Home renovation expert Mike Holmes talks about preventing mold and other common home renovation mistakes.
Of all the problems that can crop up in a house, mold can be the most dangerous—it’s been linked to many health problems. According to the Environmental Protection Agency, the only way to control mold growth indoors is to control moisture through proper ventilation.
Legendary contractor, television host, and philanthropist Mike Holmes knows this all too well. “Mold needs three things to thrive,” he explains. “Air, a source of food, and moisture. Take away one of these sources and you’ll keep mold at bay.”
You can’t keep air out of your house, and most building materials are an excellent food source for mold. “So how do you prevent mold growth? By eliminating moisture,” Holmes notes. “Run the exhaust fans in your kitchens and bathrooms. Address any leaks in your home.”
These efforts can be complicated by modern building techniques. “We’re building homes to be more airtight these days,” Holmes says, “which is great for your home’s energy efficiency. But you’ll need a way to cycle in fresh, treated air, either through a heat recovery ventilator (HRV) or energy recovery ventilator (ERV).”
A healthy home is about more than mold prevention, of course. When buying an existing home, Holmes advises an ‛outside-in’ approach. “Your roof and the exterior are two critical elements in the protection of a major investment—your home—from the wind, rain, and snow,” Holmes says.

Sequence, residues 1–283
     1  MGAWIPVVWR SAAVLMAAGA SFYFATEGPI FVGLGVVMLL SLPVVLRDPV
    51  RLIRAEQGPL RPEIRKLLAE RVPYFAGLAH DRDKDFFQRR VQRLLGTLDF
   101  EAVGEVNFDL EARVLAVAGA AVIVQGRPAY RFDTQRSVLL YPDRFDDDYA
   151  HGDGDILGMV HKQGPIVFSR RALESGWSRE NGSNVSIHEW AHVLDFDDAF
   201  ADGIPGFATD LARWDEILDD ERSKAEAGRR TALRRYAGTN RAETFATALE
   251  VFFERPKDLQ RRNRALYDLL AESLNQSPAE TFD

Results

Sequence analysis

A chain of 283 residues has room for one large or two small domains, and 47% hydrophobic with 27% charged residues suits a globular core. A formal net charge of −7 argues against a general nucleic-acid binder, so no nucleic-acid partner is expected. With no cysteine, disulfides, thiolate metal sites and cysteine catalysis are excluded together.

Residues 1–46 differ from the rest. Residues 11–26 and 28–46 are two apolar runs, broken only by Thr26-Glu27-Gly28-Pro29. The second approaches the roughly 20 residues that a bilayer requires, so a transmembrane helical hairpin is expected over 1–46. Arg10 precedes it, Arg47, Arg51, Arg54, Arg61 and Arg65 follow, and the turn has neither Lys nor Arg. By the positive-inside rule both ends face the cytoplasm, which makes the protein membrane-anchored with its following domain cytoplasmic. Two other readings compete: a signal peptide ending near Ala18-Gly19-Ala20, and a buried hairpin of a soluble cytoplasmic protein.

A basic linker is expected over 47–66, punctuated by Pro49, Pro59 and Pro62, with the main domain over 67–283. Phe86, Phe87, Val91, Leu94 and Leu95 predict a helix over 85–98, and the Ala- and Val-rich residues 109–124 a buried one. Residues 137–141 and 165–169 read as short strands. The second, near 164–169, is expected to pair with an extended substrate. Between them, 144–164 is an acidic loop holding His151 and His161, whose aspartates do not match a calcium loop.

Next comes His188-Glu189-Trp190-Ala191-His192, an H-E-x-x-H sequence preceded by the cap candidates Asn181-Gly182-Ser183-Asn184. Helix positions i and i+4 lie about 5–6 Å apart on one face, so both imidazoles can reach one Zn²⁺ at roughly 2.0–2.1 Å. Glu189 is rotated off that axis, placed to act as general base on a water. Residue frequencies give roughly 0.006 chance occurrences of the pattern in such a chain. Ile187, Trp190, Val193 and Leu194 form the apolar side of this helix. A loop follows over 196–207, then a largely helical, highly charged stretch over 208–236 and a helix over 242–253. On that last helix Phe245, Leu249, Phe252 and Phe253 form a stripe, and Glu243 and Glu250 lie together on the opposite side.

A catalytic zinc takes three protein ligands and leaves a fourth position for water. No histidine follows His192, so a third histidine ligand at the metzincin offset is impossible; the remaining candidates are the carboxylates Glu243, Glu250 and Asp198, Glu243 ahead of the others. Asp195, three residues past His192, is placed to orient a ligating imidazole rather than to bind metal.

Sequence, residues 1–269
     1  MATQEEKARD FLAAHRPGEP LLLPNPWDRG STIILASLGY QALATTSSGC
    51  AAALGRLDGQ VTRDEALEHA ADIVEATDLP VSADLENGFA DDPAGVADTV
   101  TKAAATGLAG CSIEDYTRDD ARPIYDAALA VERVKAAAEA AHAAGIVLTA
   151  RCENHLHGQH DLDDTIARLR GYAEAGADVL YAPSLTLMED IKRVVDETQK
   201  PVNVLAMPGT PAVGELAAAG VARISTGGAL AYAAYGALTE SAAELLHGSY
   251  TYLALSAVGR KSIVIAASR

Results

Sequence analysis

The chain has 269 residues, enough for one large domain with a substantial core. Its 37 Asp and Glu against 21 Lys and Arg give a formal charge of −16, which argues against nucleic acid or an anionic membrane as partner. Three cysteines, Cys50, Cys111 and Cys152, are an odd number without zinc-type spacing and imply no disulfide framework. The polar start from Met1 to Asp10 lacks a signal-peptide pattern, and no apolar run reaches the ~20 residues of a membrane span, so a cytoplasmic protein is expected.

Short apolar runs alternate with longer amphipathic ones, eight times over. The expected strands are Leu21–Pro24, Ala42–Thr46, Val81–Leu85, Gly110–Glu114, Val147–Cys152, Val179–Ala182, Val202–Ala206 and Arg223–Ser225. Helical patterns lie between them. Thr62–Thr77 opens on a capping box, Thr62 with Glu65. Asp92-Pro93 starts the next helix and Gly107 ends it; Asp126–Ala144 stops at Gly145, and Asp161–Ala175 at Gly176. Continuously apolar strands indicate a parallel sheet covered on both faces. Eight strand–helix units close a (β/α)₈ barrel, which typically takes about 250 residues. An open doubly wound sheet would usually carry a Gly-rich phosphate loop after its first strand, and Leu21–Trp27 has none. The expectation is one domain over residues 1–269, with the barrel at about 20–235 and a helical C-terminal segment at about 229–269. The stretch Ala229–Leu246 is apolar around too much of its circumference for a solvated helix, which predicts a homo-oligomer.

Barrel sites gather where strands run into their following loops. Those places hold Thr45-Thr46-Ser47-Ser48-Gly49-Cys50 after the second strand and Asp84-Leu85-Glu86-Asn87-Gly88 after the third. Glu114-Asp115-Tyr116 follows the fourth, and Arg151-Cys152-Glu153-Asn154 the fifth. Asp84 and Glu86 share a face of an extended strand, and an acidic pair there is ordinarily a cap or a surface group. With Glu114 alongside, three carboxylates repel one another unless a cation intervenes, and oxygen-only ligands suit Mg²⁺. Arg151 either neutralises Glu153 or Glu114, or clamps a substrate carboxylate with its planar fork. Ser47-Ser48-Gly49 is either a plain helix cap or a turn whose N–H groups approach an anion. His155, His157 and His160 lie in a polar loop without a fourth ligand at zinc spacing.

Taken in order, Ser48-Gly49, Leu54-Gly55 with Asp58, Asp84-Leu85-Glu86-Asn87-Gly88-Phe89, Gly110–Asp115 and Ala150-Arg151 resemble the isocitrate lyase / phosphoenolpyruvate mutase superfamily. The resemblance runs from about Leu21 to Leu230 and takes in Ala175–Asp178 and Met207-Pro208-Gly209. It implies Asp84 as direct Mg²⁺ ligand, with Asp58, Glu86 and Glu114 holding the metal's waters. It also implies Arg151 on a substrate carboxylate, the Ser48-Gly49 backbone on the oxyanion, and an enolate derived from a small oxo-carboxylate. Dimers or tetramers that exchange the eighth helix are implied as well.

Once the exterior is sorted, look inside. “How healthy is your indoor air?” Holmes asks. “Indoor air quality needs to be on the top of your mind when thinking about your home. Homeowners should test their homes for mold, volatile organic compounds (VOCs), and radon.”
Holmes’ other advice reflects the no-nonsense, consumer-centric brand he’s cultivated for years. “I always recommend homeowners do their own research on the products and materials,” he says. “And get a home inspection before you start your renovation—a qualified home inspector can check out all the main systems of your home. This will alert you to any red flags that need to be addressed.”
Finally, Holmes is blunt about the most important aspect of building or renovating a home. “The most common mistake is hiring the wrong contractor,” he says. “There are many reasons this process can go wrong, for example, if a friend of the family offers to do the renovation for you but does not have the proper skills or training.”